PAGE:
Piramal Fund Management (PFM), part of the Ajay Piramal-owned Piramal Group, is in early talks with sovereign...
Piramal Fund Management (PFM), part of the Ajay Piramal-owned Piramal Group, is in early talks with sovereign and pension funds to
raise a $300-350 million (up to Rs 2,200 crore) offshore fund on the private equity (PE) platform.
This is separate from the $150 million that Piramal is in the process of raising from overseas limited partners (LP) as part of its offshore fund-raising. Of the $150 million, the company has already raised $50 million from LPs.
Khushru Jijina, managing director, Piramal Fund Management, told Fe that the strategy will ensure capital availability for a longer duration as he was expecting a revival in demand for equity investments by realty developers. “We are looking at this mainly for having long term 8-10 year money,” Jijina said.
In February 2014, Piramal signed a joint venture for $500 million with Canada Pension Plan Investment Board (CPPIB) to offer rupee debt funding to residential projects in Mumbai, Delhi, the National Capital Region, Chennai, Pune and Bangalore. Both the entities made an initial commitment of $250 million each.
The details of the partnership for the PE platform are yet to be worked out.
In FY15, 85% of PFM’s loan book was committed as debt and equity investments were in the range of 10-15%. PFM closed FY15 with a loan book of Rs 4,400 crore, which grew more than two-fold from Rs 1,900 crore in FY14. However, Jijina said the firm expects the portion of equity investments to rise up to 40% in FY16.
“Investments made as pure equity across real estate have come down significantly over the last few years. While we will still not call it a revival, developers have again started looking for equity money mostly to buy land, which gives us hope of a healthier equity investments portfolio in the new financial year,” Jijina said.
Originally, Indiareit, as the PE platform of Piramal was called, had a target of raising $500 million through an offshore fund. The target was later pruned to $350 million and thereafter to $250 million in the early part of 2014. It was again cut to $150 million in the latter half of last year.
Foreign investors’s apathy towards India has seen little overseas money getting raised by India-focused real estate funds in the last few years.
Economic uncertainties, policy paralysis, few exits and a weakening rupee kept overseas investors at bay.
However, after the formation of a stable government at the Centre and hopes of a revival in the economy, investors’ view of India has improved, says Anuj Puri, chairman and country head, Jones Lang LaSalle India. Puri says that foreign investors are again keen on investing in India, but the terms of investing are undergoing a change. Overseas investors are now asking for more say in the investments made by fund managers.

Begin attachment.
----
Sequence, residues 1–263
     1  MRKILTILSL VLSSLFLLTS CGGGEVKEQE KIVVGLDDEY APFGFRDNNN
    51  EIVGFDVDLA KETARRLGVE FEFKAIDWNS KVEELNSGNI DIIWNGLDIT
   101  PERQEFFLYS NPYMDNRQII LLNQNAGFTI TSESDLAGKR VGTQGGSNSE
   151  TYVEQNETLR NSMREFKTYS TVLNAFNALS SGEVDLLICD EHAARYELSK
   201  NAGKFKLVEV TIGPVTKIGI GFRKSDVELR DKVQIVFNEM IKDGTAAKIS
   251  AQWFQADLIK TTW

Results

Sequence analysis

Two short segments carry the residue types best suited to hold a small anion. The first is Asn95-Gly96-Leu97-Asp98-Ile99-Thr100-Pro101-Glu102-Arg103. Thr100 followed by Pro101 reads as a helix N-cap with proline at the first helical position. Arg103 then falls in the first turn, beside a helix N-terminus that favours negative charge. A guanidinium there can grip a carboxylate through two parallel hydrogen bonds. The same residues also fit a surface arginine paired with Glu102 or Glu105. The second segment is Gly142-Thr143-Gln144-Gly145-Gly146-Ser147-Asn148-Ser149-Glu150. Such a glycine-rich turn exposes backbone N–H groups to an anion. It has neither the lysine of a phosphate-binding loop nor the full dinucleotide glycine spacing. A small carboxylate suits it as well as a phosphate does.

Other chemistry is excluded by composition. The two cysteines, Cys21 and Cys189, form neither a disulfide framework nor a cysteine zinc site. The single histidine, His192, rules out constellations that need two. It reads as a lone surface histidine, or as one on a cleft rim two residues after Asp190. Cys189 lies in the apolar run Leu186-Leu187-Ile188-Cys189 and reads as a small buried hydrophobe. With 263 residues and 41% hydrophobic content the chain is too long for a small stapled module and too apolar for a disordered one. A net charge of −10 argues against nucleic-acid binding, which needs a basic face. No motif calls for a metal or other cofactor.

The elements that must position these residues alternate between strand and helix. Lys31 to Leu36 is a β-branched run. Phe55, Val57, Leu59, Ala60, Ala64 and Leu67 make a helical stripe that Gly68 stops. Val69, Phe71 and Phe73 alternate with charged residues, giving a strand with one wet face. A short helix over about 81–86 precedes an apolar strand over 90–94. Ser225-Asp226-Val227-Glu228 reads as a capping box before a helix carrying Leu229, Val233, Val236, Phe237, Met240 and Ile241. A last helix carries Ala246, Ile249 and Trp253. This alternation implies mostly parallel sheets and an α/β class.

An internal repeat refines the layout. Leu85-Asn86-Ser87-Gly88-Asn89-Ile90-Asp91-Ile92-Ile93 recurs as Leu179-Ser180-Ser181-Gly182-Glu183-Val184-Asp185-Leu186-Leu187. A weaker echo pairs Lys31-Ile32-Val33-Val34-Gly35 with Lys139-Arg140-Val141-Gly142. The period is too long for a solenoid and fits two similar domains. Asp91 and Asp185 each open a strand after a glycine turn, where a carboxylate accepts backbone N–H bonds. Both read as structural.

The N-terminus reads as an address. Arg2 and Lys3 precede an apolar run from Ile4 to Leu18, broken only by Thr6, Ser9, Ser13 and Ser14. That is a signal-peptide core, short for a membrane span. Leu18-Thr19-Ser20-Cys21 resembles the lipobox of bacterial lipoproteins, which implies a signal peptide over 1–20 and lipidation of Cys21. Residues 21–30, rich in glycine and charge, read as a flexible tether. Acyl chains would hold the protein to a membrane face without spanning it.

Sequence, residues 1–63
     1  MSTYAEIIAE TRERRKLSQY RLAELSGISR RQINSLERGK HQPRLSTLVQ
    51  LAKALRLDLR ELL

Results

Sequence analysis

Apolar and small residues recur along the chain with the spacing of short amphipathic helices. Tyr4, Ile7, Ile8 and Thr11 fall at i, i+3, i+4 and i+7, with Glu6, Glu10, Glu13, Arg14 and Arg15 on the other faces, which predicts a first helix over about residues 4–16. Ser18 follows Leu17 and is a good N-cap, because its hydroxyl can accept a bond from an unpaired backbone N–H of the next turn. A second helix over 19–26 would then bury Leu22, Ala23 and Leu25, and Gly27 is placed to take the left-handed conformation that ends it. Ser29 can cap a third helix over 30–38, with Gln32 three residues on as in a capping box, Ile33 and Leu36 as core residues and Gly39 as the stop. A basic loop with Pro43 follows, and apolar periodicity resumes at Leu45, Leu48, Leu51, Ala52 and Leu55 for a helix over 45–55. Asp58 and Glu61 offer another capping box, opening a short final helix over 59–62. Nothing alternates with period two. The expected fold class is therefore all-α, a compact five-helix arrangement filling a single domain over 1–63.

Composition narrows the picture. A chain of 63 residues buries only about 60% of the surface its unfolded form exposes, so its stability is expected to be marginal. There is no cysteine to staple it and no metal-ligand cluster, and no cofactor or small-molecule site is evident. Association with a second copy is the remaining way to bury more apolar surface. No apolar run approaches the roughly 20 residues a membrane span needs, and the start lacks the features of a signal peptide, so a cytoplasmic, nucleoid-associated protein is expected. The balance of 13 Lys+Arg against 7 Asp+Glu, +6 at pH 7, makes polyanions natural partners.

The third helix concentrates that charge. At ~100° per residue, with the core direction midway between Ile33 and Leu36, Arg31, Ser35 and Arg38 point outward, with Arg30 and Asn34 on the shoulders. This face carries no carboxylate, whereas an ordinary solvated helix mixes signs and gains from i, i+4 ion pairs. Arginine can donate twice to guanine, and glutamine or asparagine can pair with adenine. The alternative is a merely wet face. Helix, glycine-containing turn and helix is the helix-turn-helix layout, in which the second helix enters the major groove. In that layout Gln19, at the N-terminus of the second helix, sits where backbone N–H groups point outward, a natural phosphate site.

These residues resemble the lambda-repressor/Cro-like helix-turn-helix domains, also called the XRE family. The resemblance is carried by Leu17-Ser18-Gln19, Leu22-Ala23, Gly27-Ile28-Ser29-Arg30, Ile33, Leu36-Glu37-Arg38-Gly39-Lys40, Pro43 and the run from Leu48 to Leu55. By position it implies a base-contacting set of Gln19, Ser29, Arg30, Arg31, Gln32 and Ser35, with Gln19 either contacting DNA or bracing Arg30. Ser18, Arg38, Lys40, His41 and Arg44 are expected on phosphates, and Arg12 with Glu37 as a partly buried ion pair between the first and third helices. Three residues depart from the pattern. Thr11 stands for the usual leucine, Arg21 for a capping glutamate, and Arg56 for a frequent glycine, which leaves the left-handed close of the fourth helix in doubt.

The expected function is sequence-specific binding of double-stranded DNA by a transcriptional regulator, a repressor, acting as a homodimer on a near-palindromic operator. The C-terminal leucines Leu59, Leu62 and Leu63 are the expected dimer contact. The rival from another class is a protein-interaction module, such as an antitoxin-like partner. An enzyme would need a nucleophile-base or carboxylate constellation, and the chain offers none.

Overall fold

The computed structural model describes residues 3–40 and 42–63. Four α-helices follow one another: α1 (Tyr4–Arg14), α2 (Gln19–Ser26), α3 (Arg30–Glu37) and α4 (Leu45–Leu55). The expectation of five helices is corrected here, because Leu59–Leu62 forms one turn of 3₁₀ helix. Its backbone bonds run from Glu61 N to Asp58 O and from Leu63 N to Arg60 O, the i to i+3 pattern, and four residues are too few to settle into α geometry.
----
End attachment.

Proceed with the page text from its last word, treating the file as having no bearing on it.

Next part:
“Instead of putting the investible money in a pool, foreign investors now want to create a separate account and want the fund manager to take approvals from them before investing in a project,” Puri said. From the investors’ point of view, they get greater say in the investment while for the manager it means more long-term money and firepower to invest, he added.
Meanwhile, during the year, Piramal plans to raise its second redevelopment fund worth Rs 500 crore, Mumbai Redevelopment Fund II, from domestic investors, as it did in its first redevelopment fund raised in 2013. The company plans to target both slum redevelopment and society redevelopment projects through this. “We are hoping to launch the fund by June,” Jijina said.
PFM is the integrated entity formed last year after Piramal Enterprises’ financial services arm, Piramal Capital, combined Indiareit and its real estate and allied sectors’ focused NBFC under a single vertical. This entity is now mandated to invest in real estate across the capital spectrum through private equity, structured/mezzanine equity, structured debt, senior secured debt and construction finance.
* Jijina says the strategy will ensure capital availability for a longer duration as he expects a revival in demand for equity investments by realty developers
* The details of the partnership for the PE platform are yet to be worked out
* He said developers have again started looking for equity money mostly to buy land, which gives the fund hopes of a healthier equity investments portfolio in the new financial year
* Anuj Puri, chairman and country head, Jones Lang LaSalle India, says foreign investors are again keen on India, but the terms of investing are undergoing a change.
They are asking for a greater say in fund managers’ calls